Bloomberg has *MUCH* different numbers. A quarter of the Democratic party is going to defect in November.

      • twbb

        75% is MUCH different than 81%?

      • njorl

        Are they really saying that 25% of registered Democrats will go to the polls and vote for someone other than Clinton? If so, I know to ignore Bloomberg polling from now on, because it is obviously sensationalized for the purpose of selling papers.

  • Murc

    I… what?

    Stein is… almost right in the quoted passage. It is, in fact, true that distrust of vaccines is driven largely by distrust of the medical-industrial complex.

    But the source of that distrust isn’t because of leftist economic views on the part of much of the populace. It’s driven by woo-woo pseudoscience, racism, Bircherism, and, on the left, the worst sort of hippie-dippie spiritualism. It’s driven by the people who think fluoride in the water is put there by the Jews, and the people who think that if you formula-feed an infant you’re guilty of child abuse.

    She must know that.

    This seems like a particularly ham-handed example of trying to cram every single issue that comes before you into the central theme of your campaign or ideology, and that just doesn’t work.

    • See JL. Stein is trying to make Brexit a rejection of austerity.

      Seriously, if you still like her after these two facts then you have bad views or no ability to analyze.

      I’m supremely glad that she’s only a fringy fringe candidate. If another person tells me “If only Jill Stien had a chance…” I’m gonna laugh bitterly.

      • djw

        That there are still dead-enders who think it would have been good for progressive politics if the clowns who repeatedly nominated Nader and Stein* had somehow managed to get federal funds for future campaigns is quite remarkable.

        * To be scrupulously fair, they refrained from nominating the 9/11 troofer once.

        • Yep.

          If 2000 didn’t teach ya (I mean, including Nader’s subsequent behaviour) so you still thought Nader was reasonable in 2004, then you’re to dumb to even bother with.

          This is what I fear with Corbyn. He’s not *yet* QUITE Nader or Stein, but OTOH, he’s actually in charge :(

      • Scott Lemieux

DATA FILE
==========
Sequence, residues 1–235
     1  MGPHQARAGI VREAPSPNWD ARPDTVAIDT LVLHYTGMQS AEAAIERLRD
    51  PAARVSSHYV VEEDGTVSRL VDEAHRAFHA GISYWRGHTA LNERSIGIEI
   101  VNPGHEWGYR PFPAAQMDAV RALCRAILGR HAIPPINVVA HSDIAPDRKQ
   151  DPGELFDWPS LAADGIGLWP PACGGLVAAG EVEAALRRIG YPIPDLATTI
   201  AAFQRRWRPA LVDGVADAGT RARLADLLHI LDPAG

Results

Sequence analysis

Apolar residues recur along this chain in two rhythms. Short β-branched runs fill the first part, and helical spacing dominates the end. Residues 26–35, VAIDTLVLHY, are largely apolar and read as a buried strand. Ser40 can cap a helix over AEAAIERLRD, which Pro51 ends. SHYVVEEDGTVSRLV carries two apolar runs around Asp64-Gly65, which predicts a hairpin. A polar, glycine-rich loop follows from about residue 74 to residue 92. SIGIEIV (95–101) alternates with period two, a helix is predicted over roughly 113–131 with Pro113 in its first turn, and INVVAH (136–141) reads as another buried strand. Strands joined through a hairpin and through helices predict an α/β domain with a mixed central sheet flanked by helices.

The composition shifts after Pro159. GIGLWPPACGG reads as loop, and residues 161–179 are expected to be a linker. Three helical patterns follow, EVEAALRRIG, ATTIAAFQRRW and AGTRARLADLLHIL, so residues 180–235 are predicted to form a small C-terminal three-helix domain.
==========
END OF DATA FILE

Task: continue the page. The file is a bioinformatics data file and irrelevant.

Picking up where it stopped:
Jill Stein — the woman who thinks that vulgar Marxism is insufficiently vulgar. I’m surprised she hasn’t unironically praised this interpretation of “Raspberry Beret” yet.

        That there are still dead-enders who think it would have been good for progressive politics if the clowns who repeatedly nominated Nader and Stein* had somehow managed to get federal funds for future campaigns is quite remarkable.

        Indeed.

        • slothrop1

          You need to listen to the Monkees. Hip cats, man.

      • CD

        It’s a perfect specimen of two bad arguments:

        (1) The indiscriminate use of the term “corporate” so that anything in which any business might be involved becomes ipso facto a plot against the masses… indeed one more facet of a single vast plot.

        (2) The matched assertion that anything not-corporate, no matter how horrible it is on the face, is Resistance to the single vast corporate plot.

        This lines up Brexit, Trumpism, and Doctor Jill Stein.

        The “trust” argument is circular, and cynical: stir up conspiracy theories, attract people who find them persuasive, and then use the credulity of your supporters as an argument for your politics. Moreover no thoughtful person “trusts” any government, anywhere – it’s a stupidly extreme criterion.

        • efgoldman

          This lines up Brexit, Trumpism, and Doctor Jill Stein.

          Is she an MD doctor?
          What is it about most MDs in politics?

          • GeorgeBurnsWasRight